What is it?
The Wollemi Pine is a conifer. It grows to a height of 35 meters with a trunk
diameter of over one
meter. The trunk is particularly unusual in being covered with brown, knobbly, spongy bark. The leaves vary from bright lime green to apple green. The Wollemi Pine is related to the Hoop Pine and Norfolk Island Pine, which are members
of the Araucaria family.
The tree is bisexual with both female and male reproductive cones on the same tree. The winged seeds are probably dispersed by the wind.
Why is it so important?
The Wollemi Pine is a “living fossil”. The discovery of the Wollemi Pine is particularly significant in being a previously unknown genus whose closest relatives are fossils from the Jurassic and Cretaceous periods between 200 million and 65 million years ago.
The Wollemi Pine’s habitat
A small grove of young and mature Wollemi Pine trees are growing about 200 kilometres north-west of Sydney, with the boundaries of the Wollemi National Park. The Park, which contains the largest wilderness area of New South Wales, is a rugged mountainous region of canyons, cliffs, and undisturbed forest. The
trees grow on wet ledges in a deep, sheltered rainforest gully.
How the Wollemi Pine was discovered.
Like many notable finds, the discovery of the Wollemi Pine was made by chance. In August 1994,
Dave Noble, a NSW National Park and Wildlife Service field officer was walking in the Wollemi National Park when he stumbled across a grove
of trees that he did not recognize immediately. The NSW National Park and Wildlife Service Senior Naturalist in
the Blue Mountains area, when called upon
to identify the plant, soon realized that here was indeed an unidentified plant. Botanists at the Royal Botanic Gardens in Sydney were consulted and confirmed the identification.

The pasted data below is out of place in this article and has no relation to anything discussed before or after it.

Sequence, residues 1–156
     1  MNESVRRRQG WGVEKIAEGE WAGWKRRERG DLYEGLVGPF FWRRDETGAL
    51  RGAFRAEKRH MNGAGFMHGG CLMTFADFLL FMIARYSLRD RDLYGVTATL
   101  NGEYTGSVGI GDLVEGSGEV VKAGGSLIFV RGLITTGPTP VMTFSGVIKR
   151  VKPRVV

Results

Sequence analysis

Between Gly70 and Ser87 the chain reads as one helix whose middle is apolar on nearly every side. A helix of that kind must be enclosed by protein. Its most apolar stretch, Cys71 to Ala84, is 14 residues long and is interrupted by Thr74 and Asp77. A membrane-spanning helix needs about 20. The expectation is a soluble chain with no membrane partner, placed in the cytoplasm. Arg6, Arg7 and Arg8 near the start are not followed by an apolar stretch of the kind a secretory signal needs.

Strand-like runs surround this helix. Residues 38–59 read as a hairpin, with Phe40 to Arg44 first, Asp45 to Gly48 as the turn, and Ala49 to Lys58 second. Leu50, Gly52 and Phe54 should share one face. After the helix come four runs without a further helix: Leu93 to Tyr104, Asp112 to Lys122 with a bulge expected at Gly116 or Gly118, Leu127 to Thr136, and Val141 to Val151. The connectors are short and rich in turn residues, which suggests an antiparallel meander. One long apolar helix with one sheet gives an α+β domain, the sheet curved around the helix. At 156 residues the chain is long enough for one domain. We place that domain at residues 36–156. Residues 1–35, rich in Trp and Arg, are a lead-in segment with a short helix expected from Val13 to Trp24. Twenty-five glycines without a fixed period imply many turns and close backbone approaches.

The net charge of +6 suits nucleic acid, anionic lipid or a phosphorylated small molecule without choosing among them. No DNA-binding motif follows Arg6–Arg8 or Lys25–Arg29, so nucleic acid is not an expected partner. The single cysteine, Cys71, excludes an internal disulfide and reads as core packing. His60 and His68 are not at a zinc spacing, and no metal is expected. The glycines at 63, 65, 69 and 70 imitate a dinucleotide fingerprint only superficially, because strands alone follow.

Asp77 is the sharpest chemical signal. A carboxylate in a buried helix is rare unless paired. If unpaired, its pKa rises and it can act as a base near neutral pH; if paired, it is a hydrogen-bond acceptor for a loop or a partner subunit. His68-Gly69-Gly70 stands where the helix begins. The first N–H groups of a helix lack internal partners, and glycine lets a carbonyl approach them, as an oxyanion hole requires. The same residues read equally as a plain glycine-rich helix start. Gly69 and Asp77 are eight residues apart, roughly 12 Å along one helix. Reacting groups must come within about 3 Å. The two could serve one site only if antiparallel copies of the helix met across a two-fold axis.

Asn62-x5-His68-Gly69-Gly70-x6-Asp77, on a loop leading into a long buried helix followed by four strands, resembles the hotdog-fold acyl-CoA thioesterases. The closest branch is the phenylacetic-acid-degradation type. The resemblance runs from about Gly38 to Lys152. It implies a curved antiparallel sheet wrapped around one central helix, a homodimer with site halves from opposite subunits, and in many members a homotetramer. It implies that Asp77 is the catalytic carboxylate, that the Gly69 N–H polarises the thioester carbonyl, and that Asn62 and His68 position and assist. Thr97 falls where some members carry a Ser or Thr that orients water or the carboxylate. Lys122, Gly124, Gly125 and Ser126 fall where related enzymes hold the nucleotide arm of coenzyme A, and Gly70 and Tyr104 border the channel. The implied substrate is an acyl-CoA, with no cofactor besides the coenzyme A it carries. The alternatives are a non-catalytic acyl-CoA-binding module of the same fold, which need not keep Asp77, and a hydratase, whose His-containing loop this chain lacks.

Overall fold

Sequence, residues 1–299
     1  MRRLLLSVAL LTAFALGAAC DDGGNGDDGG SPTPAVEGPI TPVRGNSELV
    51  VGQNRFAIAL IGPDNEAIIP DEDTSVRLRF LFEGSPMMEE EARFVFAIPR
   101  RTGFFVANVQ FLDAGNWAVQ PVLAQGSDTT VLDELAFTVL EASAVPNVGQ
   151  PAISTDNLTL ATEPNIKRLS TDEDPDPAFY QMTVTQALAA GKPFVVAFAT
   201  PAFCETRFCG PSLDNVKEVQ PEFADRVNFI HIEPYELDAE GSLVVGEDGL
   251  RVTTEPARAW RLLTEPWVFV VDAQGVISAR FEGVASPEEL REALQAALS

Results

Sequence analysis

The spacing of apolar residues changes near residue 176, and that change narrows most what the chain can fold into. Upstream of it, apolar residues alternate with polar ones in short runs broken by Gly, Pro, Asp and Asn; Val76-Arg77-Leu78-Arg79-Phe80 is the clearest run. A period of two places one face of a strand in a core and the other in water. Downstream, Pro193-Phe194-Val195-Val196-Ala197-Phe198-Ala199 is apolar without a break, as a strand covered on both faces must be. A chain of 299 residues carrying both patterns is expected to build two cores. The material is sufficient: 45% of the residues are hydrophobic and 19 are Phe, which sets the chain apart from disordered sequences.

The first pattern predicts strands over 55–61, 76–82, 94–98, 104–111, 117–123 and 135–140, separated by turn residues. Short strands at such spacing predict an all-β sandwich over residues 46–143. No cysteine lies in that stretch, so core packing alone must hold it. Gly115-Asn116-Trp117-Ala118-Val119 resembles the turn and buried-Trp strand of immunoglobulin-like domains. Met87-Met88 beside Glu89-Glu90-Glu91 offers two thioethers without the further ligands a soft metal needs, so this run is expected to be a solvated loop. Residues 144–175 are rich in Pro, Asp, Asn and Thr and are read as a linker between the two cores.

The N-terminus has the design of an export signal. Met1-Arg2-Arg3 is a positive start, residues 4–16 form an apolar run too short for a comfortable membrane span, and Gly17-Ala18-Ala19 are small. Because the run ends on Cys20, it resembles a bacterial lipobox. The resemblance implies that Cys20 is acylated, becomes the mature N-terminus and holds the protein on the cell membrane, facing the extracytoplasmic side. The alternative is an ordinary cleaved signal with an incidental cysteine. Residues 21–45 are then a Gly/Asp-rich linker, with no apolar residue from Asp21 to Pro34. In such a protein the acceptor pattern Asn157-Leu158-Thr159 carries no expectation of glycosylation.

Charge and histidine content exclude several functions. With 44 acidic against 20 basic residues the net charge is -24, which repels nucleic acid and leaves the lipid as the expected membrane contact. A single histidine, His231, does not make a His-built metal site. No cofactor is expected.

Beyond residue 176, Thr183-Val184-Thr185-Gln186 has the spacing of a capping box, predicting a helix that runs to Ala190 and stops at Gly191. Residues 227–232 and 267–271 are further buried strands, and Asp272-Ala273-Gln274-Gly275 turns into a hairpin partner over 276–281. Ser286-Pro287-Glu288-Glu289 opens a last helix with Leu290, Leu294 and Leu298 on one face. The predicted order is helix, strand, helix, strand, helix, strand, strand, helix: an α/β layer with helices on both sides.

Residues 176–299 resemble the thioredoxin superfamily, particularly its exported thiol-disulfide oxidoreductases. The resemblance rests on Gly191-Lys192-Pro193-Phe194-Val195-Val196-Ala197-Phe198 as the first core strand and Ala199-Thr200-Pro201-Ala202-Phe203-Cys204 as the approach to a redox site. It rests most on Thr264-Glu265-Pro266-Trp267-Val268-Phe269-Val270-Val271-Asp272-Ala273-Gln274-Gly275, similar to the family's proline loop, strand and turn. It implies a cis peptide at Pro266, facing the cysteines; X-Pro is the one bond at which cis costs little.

The role of the NSW National Parks and Wildlife Service and Royal Botanic Gardens, Sydney.
A research program, co-coordinated by the NSW National Parks and Wildlife Service and the Royal Botanic Gardens Sydney, is studying the ecology of the grove and the trees.
The NSW National Parks and Wildlife Service is preparing a conservation strategy to protect the grove of Wollemi Pine and undertaking a study of the ecosystem. One of their primary objectives is to limit access to the site, since the trees’ very survival depends upon their isolation. The trees could be affected by fungal disease, weeds or fire, but by limiting access to the area, they hope to reduce the threats posed to the grove.
The Royal Botanic Gardens has been undertaking investigations into the Wollemi
Pine at various levels of botanical and horticultural research. Detailed studies of DNA, the structure of leaves, seeds, pollen and bark, and techniques for the propagation and cultivation of the plants are also in progress at the Royal Botanic Gardens. At this stage, they do not know how soon you will be able to buy one for your garden.
Wollemi Pine will be offered for sale in